I love you and miss you so much.
They keep telling me that time will take care of the pain, and my heart will be less heavy with every day that passes. It’s only been 10 days. They are wrong. Everyday I miss you more than the day before, and need to talk to you. Everyday I have angry moments because it doesn’t feel fair. And still, everyday I am a little bit grateful that you no longer have to live in misery or pain, suffering to breathe. I feel both selfish and selfless, my heart goes back and forth, because I want you back, but it was best for you to go. You held on too long, in fact, for us. Up until that last moment, I suspect you held on for us.
Please keep sending me light. I am trying, but now is when I need it.
I took a little trip to the Rose Garden at Gage Park yesterday. Greg went to ride his bike, and I had some down time. The sun was out, and even though it wasn’t the best shooting conditions, my camera was along for the ride. It’s so calming how taking photos, harsh shadows or not, can clear my head and make me focus on things that take away all the stress. Taking photos distracts me.
I love the Rose Garden. It’s pretty and quiet, and I can roam, looking for pretties. Yesterday, I was chased by a bumblebee. I was warm in the sunshine, and I saw more battered roses than pristine ones. It must be due to the hail and rain we have had lately. Still, even in their weathered stage, they are pretty, petals or not.
Looking forward to small photo excursions like this.
Happy 8th birthday, pretty girl.
I have been trying to keep better track of things around here, and still my camera is sitting on my printer. Lonely ole camera. I certainly didn’t get much over the past few weeks. With Dad and hopefully moving sometime soon, it has been overwhelmingly crazy.
With the sun out more often, and the need to clear my head, I have a feeling it will be in my hand quite a bit from here on out.
We are dealing. It hasn’t been easy because when something big happens normally, Dad is the one we ask for advice. This time, we are doing it for him. I have been trying to the strong, but yesterday, the day we laid him to rest, was a rough one for me. I cried and didn’t care who saw. I left a part of my heart at that cemetery.
I don’t want to do this. I don’t want to have to miss my dad.
And I do not like the house without him. I will be glad when we move and every single thing won’t remind me of him. I’m so sad when I see the emptiness that he left here for us. Sometimes I feel like I could just overflow with this ache that I have when I want to talk to him about something. And all I can think is “No, not my dad.”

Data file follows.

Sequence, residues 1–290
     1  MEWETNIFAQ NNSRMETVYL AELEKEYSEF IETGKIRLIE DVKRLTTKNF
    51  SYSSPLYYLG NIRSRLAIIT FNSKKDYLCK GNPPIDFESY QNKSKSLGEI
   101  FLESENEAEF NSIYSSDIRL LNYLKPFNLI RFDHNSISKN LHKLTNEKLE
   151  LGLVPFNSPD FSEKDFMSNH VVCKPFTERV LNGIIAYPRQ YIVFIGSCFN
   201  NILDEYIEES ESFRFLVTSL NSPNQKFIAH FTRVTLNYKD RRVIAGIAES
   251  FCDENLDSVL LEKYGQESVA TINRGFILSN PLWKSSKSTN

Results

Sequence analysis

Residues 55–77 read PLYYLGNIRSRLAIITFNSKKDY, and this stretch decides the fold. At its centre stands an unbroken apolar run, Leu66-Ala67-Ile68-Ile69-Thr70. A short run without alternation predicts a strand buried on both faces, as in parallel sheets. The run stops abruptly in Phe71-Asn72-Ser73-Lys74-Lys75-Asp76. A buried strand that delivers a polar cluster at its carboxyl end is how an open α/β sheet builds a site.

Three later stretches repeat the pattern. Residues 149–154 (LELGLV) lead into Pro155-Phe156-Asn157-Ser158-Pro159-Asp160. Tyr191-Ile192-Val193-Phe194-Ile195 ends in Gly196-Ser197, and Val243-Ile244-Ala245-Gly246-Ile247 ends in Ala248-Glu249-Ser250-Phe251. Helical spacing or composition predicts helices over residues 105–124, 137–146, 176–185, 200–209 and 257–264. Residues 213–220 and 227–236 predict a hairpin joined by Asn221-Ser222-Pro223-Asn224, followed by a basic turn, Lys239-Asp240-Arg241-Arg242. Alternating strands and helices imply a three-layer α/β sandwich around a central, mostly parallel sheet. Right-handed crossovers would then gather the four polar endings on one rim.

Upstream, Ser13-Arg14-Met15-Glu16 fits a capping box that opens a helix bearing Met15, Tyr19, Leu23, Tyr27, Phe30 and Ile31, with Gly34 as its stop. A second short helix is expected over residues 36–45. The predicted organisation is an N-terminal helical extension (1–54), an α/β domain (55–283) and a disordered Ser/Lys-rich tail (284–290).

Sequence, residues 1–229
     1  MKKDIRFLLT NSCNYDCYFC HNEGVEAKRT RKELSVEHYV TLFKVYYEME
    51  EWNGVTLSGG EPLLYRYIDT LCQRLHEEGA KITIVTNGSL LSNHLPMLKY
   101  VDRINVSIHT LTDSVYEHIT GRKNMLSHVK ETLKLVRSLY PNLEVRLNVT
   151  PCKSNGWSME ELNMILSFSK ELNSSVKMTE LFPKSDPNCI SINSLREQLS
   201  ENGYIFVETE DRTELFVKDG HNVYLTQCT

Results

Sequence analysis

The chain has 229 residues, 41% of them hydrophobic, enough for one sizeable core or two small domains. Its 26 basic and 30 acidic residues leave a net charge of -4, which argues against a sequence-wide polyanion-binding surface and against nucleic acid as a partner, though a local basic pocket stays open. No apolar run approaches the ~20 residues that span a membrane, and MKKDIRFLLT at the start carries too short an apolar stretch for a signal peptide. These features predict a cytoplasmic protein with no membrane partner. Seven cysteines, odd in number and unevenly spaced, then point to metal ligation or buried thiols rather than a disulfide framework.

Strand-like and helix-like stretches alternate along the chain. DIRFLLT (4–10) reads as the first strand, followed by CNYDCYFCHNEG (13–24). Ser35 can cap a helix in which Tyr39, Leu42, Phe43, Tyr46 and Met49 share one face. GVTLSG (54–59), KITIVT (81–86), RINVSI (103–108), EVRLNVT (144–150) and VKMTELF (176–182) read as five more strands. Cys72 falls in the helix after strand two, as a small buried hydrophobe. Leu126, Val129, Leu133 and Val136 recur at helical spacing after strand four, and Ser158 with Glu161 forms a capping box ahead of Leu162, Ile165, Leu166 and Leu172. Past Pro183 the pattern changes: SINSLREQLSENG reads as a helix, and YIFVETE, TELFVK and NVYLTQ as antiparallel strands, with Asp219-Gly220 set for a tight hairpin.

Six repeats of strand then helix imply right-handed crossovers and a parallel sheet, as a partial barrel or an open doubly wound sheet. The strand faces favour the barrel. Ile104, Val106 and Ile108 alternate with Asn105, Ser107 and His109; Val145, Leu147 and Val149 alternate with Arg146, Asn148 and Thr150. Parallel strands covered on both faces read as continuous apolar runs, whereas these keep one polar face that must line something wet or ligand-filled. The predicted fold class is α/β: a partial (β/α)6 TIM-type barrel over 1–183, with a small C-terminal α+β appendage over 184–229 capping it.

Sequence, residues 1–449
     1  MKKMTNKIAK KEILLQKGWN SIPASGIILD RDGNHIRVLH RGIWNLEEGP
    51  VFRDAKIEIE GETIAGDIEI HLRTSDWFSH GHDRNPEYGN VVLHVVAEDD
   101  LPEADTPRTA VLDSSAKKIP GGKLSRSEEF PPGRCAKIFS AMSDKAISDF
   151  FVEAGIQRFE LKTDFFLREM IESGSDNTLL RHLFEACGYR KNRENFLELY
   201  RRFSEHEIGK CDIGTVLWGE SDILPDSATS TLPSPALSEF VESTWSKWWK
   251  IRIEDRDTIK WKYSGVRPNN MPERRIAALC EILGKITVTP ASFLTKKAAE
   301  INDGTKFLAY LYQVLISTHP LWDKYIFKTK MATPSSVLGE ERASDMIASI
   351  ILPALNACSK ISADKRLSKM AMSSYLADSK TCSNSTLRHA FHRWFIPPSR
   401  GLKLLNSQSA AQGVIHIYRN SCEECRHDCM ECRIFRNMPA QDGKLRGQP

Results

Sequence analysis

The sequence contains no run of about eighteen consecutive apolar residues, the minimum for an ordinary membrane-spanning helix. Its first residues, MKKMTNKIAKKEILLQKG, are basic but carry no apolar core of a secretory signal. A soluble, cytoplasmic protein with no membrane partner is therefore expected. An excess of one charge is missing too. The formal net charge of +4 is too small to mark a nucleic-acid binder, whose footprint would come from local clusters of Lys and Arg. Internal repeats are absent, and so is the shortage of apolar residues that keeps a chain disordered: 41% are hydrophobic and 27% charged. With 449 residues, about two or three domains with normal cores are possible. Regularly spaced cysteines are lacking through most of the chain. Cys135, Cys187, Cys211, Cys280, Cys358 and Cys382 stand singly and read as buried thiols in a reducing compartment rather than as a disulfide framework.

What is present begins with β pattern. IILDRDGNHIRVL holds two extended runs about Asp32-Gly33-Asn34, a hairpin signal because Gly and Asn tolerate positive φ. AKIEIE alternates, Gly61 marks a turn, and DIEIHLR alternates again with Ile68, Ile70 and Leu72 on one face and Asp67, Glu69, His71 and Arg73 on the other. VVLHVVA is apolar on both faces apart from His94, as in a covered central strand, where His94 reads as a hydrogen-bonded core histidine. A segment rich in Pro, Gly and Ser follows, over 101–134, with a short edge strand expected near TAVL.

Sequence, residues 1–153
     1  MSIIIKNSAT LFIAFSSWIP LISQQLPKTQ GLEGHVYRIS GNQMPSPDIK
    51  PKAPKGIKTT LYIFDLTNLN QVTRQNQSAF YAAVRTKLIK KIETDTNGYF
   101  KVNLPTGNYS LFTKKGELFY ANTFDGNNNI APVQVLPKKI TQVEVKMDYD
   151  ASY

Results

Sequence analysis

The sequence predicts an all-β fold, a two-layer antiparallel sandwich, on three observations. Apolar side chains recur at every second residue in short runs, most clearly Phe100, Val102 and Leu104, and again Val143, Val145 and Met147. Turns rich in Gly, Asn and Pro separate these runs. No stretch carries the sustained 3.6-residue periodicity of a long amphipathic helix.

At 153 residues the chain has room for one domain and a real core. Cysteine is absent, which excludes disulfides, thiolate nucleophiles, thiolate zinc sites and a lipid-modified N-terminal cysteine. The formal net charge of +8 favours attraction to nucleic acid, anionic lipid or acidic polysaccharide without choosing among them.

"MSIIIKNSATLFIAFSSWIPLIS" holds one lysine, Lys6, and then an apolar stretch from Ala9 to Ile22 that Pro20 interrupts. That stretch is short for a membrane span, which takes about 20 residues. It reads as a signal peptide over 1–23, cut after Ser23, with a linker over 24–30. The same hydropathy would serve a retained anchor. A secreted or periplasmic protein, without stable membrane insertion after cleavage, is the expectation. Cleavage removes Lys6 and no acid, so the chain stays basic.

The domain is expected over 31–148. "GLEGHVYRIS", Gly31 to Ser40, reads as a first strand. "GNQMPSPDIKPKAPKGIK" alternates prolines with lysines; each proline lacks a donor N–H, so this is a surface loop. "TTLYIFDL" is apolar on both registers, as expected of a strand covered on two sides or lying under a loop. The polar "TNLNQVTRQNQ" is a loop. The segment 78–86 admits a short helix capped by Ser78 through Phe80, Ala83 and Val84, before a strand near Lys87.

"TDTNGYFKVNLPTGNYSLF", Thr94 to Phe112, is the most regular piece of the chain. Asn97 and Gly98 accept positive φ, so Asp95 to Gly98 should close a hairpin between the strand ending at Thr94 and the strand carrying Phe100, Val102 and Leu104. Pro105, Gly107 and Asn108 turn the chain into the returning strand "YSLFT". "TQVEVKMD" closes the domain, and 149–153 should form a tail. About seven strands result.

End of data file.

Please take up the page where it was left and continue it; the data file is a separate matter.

I have heard people talk about losing a parent, but until you experience it, you have no idea. I never did. It’s a whole different feeling that I never knew existed. An achey numbness that at some point will probably wear off and leave me feeling thankful for the relationship we had, thankful for the two months when we knew “it” was coming. But right now, it’s something I can’t shake.
I always thought I was the tough one, but now I’m not so sure. It’s nothing you are ever prepared for.
I remember the faded-in-the-summer-sun red Coleman cooler,
old and worn,
holding the smell of sour,
salt and pepper shakers, just in case,
a fork tucked wrapped inside napkins
and tucked between pamphlets of content
I cannot recall.
Dad would ramble in the house after work,
dusty and tired from spending the day staring
through the dirt-speckled glass of his Caterpillar blade,
yellow and rusty,
with Herrmann’s printed along its side.
Mom would have dinner waiting,
something made from scratch,
hot and flavorful,
and never appreciated enough.
I remember the entire house smelling
of a construction site during those evenings,
with roused dirt brought in on his boots
skimming through our nostrils while we watched tv,
lying on the cool hardwood floor.
Wheel of Fortune, wrestling, Urkel.
We would tire and saunter
off to our twin beds
in front of open windows,
hoping for some kind of breeze,
and that cooler would sit in the kitchen
next to the wallpapered wall patiently,
ready to be picked up and packed full
the next morning, to start all over again.
We lost our dad last night around 6:45pm, and even though it was hard, it went in one of the most peaceful ways I could have imagined it going.
The night before, around 12:30 am, he had had an “episode” where he got worked up, his heart rate spiked, he was sweating and freaking out. He cried. I called my sister and brothers, and we all were here clear up until he passed last night, along with the nieces and nephews and grandbabies. We sort of kept a vigil over him, making sure he wasn’t in any pain or anxiety, and my mom noticed his heart rate was dropping pretty rapidly. We all gathered around his bed, and as my sister-in-law finished The Lord’s Prayer, he passed away. And the sun came out from behind the clouds, the first time all day. It was surreal. It was something that you might not believe unless you had been here.
There was something bigger than us here last night.
He is at peace. He is in no more pain. And he made it to June, just like he said he would.
I love you Dad. May you rest in peace.